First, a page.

Joined: Jan. 2006
|Quote (stevestory @ April 15 2007,18:12)|
Actually I've got a little extra understanding of this. When I was a little kid I nearly died from being fed peanuts they didn't know I was allergic to. Throat closed up, the whole deal. And my brain did some kind of rewiring trick, and whatever you guys taste in peanut butter, I don't taste it. I have no idea what peanuts and peanut butter taste like to those of you who like it, because my brain reprogrammed the taste. Peanuts taste like nothing except pain and itchyness to me. I can't detect anything else. People tell me they taste great, I know people who love them, but I can't taste it whatsoever. The circuits associated with those flavors have been reconfigured. Once a year or so I accidently bite into something with peanuts and the taste is something like acid and itchiness.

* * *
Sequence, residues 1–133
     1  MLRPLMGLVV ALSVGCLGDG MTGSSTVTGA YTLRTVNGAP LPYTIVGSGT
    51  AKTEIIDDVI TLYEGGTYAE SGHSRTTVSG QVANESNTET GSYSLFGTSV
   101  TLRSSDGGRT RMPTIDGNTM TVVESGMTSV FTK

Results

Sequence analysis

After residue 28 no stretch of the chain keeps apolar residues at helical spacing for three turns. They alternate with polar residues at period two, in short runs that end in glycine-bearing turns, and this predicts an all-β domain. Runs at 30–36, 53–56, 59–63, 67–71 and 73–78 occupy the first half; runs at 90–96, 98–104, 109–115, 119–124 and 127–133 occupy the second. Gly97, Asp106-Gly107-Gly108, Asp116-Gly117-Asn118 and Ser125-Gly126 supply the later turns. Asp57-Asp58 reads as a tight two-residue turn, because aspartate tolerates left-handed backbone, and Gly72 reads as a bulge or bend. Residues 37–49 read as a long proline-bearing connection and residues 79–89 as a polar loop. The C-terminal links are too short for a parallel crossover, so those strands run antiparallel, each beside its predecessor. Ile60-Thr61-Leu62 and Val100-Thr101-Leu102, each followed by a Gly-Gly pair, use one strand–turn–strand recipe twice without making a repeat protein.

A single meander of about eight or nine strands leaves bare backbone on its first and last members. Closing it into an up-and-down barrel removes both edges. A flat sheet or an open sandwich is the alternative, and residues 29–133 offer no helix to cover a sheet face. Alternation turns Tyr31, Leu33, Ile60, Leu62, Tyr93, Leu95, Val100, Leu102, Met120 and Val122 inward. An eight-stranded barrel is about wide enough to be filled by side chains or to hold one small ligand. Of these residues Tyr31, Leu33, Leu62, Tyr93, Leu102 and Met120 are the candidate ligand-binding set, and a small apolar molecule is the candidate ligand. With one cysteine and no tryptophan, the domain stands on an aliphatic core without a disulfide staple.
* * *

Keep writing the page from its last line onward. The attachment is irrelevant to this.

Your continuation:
Many years ago, I read an article in the first incarnation of "Psychology Today" called "The Sauce Bernaise Effect". The author had eaten something with sauce bernaise on it for the first time and got deathly ill a short time later. Ever since, the taste or even thought of sauce bernaise made him nauseous.
I had a similar experience, which I would label "The Strawberry Soda Effect".
Apparently, developing a revulsion to a new food that makes us ill shortly afterwards is built into our genes as a method of keeping us from eating a poisonous food a second time if we survive the first experience.